Tongo (UE), May 11, GNA – Majority of farmers in the operational areas of World Vision Ghana (WVG) in the Upper East Region who adopted the Farmer Managed Natural Regeneration Technology (FMNR) have had their crop production increased.
WVG works in the Talensi, Bawku West, Garu-Tempane and the Kassena-Nankana West Districts, and in all these areas majority of the farmers had adopted the technology.
The basic method of the FMNR is that the farmer selects the stumps or shrubs he or she will utilize, and decides how many stems will be allowed to grow on each stump, based on the farmer’s needs and ultimate purpose for reforestation. Excess stems are then cut, and side branches pruned off up to half way the trunk. A good farmer will then return two to six months for touch-up pruning, and thereby stimulate faster growth rates and produce straighter stems.
Speaking to the GNA on a field visit in the beneficiary communities, the farmers said the dropping of the residues of the FMNR on their farmlands had led to the increase of soil fertility, culminating into the increase of good yields than before.
‘Unlike before we can now store enough food stuff from our harvest and feed the entire family, particularly our children till the next farming season.
Our children no longer go on empty stomachs to school. They can now attend school and learn very well’, Mr. Samuel Batan, the Secretary of the FMNR of Yameriga indicated.
They also indicated that as a result of the FMNR, the animals they rear, including cattle, goats and sheep, were able to get enough fodder to feed on, making them look healthier, fatter and attract good market ‘Look, now our animals are also fatter than before and we are able to get good sales from them than before due to the availability of fodder.
Many people are now going into animal rearing and this is leading to the improvement of the well-being of our families, particularly our children than before. We thank World Vision Ghana and its donors for such a good intervention’, the farmers stated.
Mr Navio Tee, 36 year old farmer from Namolgo, told the GNA that before the intervention, many children were made to forgo school and to shepherd the animals to far distance to graze which sometime led to the stealing of them and said children are now able to attend school and the stealing of the animals also stopped.
Some of the women farmers said they no longer spent several hours in traveling with their children to far distances in search of fuel wood to cock since they could now get fuel wood from the FMNR farms which was very closer.
‘Those of us who are into sheanut processing used to commute at long distances into the bush in search of sheanuts to enable us process, but since the introduction of the FMNR we are able to get enough of the raw materials very closer to us. We can now process into large quantities to sell and take good care of our children by paying for their school fees and the premium of their National Health Insurance for them’, Ms Jenifer from Tindongo pointed out.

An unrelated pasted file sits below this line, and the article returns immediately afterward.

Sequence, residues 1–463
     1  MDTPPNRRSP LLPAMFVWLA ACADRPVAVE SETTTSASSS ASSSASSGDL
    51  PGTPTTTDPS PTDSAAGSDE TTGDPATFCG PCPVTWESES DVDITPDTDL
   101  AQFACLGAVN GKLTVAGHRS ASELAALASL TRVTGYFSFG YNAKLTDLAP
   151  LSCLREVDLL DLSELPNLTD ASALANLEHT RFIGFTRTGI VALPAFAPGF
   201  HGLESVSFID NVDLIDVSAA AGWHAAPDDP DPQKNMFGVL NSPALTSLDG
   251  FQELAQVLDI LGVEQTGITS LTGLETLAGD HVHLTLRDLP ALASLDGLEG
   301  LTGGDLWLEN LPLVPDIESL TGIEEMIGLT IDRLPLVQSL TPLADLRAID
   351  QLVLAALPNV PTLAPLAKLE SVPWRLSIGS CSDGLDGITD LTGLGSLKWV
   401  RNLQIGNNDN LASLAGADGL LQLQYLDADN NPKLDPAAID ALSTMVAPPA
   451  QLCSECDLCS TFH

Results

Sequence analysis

The farmers also gave an account that the FMNR had also generated employment for people like herbalists who could now get medicinal plants that were in extinction before the introduction of the technology.
Speaking to the GNA, about the genes of the FMNR in the area, the Talensi Area Development Programmes Manager (ADP) of WVG, Mr. Frederick Amoabeng, said his outfit which focused much on the welfare of children before the intervention, realized that the problem of food insecurity and climate change was a major problem, affecting mostly children and women.
‘At that period in question crop yields had declined along with soil fertility, Lack of fodder for animals particularly cattle, sheep and goats in the dry seasons as the area is completely burnt, Wind speeds had increased, Wildlife and bush land had disappeared, Climatic conditions had become more severe and bush fires were common dry season occurrence and most people thought nothing could be done to reverse the situation.
This desperate situation informed WVG to conduct the assessment of the Natural Resource Management of the area which then informed its decision to start the FMNR project in 2009 in the Talensi District to help address phenomenon ‘, he recounted.
He said the WVG operational area in the Talensi District has now become a learning centre of excellence for the FMNR and stated for instance that in 2014, a twelve member team from East Africa came to the centre to learn and to adopt the technology. After success at Yameriga, Tongo-Beo, Yindure, and Wakii among others in the Talensi-Nabdam District, the project has now been extended to the Garu-Tempane, Bawku West, and Kassena-Nankana West districts.
The FMNR concept had also been tested and proved good results in Neighbouring countries like- Burkina Faso, Niger and Mali, among other.
Mr Amoabeng who lauded the efforts of the District Assembly, the Forestry Division and World Vision Australia who provided the funding for the implementation of the project and indicated that plans were ongoing to see how his outfit could partner with the Savannah Accelerated Development (SADA) and the Ministry of Agriculture to widen the scope of the project to include more farmers.
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